Hype syndrome

A rapper friend of mine from London, said via FaceTime, “you know, I always hear dope music from artists and when I ask who is that, they’ll say rah it’s some next mans from Toronto…  but I don’t really know why the city isn’t really saying much.”

Well I know why. You know that old African proverb that explains it takes a village. I think Toronto has misconstrued that to panel discussion and invite-only networking events. While these moments are important and essential to every industry, so many of them are centered on highlighting people, feeding egos. We’re caught up in a hype that isn’t making an impact in our city nor has it made it past the border.

We’re caught up in a hype that isn’t making an impact in our city nor has it made it past the border.

I couldn’t tell you how many panel discussions I’ve sat through and questioned why an individual unfit for a topic was spearheading it. Then I realize it is a friend elevating a friend, or a poor communications rep that looked for the most popular person via social media. The truth is popularity does not equate qualification.

This past June, I held a three-day event called The Art of/in Business. Two workshops, a live demonstration and group roundtable discussion. It was my way of feeding answers, resources and support to a community that is thirsting for it. I could have easily gone with the top dog of the city, but this shows a lack of knowledge and awareness of who can provide important blueprints in the development of our city’s rising talent.

To break the cycle of hype = success, you must research and really saturate yourself with your community. Listen to the people who are grinding and don’t hold back on showing your respect.

If we analyze and properly spread the sunshine throughout this city, we will absolutely see more rainbows and greener grass. It would also help if we held one another accountable. Toronto is filled with so many people throwing shade indirectly with hopes the targeted individual will guess the shade was meant for them.

Contact people directly in the city and let them know how they could have done better. This activates growth. I’ve been wrong and vocal about many things and the most annoying thing is to see people who know me, have my number, hop on social media to indirectly slight me. We will never win this way.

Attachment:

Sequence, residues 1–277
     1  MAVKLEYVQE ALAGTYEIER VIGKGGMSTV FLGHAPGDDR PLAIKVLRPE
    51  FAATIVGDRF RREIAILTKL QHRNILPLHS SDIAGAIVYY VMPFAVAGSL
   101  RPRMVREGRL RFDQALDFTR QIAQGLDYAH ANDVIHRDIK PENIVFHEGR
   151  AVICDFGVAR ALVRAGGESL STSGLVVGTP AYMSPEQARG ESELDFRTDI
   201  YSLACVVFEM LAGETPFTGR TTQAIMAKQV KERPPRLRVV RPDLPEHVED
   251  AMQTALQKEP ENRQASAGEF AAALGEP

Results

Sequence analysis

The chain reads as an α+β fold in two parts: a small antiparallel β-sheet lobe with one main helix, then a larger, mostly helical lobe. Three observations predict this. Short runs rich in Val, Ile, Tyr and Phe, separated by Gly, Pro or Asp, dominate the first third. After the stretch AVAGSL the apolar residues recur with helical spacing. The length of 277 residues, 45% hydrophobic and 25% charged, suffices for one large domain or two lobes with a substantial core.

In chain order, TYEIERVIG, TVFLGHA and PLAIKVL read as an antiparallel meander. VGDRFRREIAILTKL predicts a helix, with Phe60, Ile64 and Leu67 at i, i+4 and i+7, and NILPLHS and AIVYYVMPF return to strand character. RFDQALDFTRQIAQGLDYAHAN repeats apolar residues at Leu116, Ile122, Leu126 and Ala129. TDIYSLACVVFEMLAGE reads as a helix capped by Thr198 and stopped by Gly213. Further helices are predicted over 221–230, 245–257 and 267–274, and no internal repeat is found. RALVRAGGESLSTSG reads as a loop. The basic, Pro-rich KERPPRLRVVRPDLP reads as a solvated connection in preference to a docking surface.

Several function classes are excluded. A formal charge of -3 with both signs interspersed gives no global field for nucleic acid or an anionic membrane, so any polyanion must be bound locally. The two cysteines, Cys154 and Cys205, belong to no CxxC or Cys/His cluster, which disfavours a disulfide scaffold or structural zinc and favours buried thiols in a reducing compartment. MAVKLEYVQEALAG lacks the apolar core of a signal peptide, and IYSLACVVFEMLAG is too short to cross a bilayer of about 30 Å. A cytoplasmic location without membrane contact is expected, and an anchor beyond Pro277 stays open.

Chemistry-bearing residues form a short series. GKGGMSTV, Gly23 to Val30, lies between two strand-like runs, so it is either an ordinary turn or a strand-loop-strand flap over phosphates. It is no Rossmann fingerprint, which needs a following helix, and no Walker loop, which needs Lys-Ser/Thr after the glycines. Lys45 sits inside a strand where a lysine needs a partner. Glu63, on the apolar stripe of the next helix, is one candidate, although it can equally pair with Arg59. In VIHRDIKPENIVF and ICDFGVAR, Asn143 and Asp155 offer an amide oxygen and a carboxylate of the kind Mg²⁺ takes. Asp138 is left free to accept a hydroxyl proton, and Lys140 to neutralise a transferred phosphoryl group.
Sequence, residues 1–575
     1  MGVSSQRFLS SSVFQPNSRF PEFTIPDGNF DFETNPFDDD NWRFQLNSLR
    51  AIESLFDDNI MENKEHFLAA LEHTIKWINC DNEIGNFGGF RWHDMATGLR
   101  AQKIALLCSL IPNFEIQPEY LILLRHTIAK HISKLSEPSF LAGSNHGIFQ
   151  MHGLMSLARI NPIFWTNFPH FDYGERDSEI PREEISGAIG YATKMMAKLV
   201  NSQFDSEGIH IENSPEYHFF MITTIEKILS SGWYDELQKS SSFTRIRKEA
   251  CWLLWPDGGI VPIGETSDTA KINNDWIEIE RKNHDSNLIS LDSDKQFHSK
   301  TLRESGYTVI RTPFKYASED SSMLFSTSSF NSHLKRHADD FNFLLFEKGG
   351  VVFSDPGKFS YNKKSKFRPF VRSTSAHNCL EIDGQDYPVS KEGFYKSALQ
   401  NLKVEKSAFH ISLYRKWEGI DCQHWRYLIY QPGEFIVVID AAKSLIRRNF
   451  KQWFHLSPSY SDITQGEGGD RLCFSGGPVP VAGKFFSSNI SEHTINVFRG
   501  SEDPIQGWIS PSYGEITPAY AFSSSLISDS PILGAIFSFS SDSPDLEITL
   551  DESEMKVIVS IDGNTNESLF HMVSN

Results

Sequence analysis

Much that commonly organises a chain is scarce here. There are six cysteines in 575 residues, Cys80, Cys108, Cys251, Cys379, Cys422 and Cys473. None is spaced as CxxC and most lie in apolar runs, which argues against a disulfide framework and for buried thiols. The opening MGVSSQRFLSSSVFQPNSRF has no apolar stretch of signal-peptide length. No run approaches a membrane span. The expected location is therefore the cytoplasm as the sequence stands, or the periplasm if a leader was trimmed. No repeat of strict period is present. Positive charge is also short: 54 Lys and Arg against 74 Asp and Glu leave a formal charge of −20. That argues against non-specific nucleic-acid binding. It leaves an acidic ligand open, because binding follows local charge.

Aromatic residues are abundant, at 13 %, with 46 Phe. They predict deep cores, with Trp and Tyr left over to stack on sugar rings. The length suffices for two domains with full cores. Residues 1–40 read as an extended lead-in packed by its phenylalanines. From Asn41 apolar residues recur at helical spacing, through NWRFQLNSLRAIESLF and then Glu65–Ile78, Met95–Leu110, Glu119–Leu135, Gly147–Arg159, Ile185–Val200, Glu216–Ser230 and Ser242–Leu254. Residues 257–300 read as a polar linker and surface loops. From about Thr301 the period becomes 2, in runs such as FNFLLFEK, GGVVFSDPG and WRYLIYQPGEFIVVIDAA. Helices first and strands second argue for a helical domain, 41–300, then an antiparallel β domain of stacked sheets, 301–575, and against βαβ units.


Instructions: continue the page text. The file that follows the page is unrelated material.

Greener pastures

In reference to my rapper friend, there are many artists that are on the rise that don’t receive support. In further, some successful and high-profile artists, designers, influencers and more are from Toronto. I even made a Twitter thread celebrating a few. I remember finding out two years ago that fashion designer Aurora James was from Toronto and went to Ryerson University. I completely understand why some of these individuals don’t necessarily broadcast Toronto a lot; they’ve gone on to make homes elsewhere where communities seem to welcome them in with open arms. Where people aren’t too cool to recognize their hard work and their drive.

A friend of mine from Mississauga said he DJ’d an event in NYC and gained 20 followers and an abundance of contacts that continuously hit him up for events. He said he’s never experienced that in Toronto, ever. I believe him.

I remember attending a Rapsody talk in NYC at Okay Space Gallery last year. I asked a really good question that the audience resonated with and I also dropped that I was from Toronto. “An underrated city” I called it. After the talk, several people came up to me to connect and exchange contacts, a lot of people who I still talk to today. Ironically, amongst that crowd was a familiar face, someone I’ve seen before in Toronto. I introduced myself. Given the standard “you look familiar” from his energy and “too cool” vibe, I knew the answer to my next question — are you from Toronto? — was yes. Sure enough it was. Of all the people I met that night, he was the coldest towards me. I felt uncomfortable talking to him, almost like I was fangirling. His demeanour was not inviting and open like the others I met that night (who by the way were well known industry folk). Despite the encounter, we exchanged contacts. I followed up with a text and tried to hold a conversation, but I never heard from him again. I later found out he had also given me a fake name. After that encounter, I can see why hardly anyone mingles freely in our city. Feeling like a groupie or a nag isn’t cool, especially if your intention, like mine that night, is just to mix and mingle.

Supporting is what makes cool people…cool.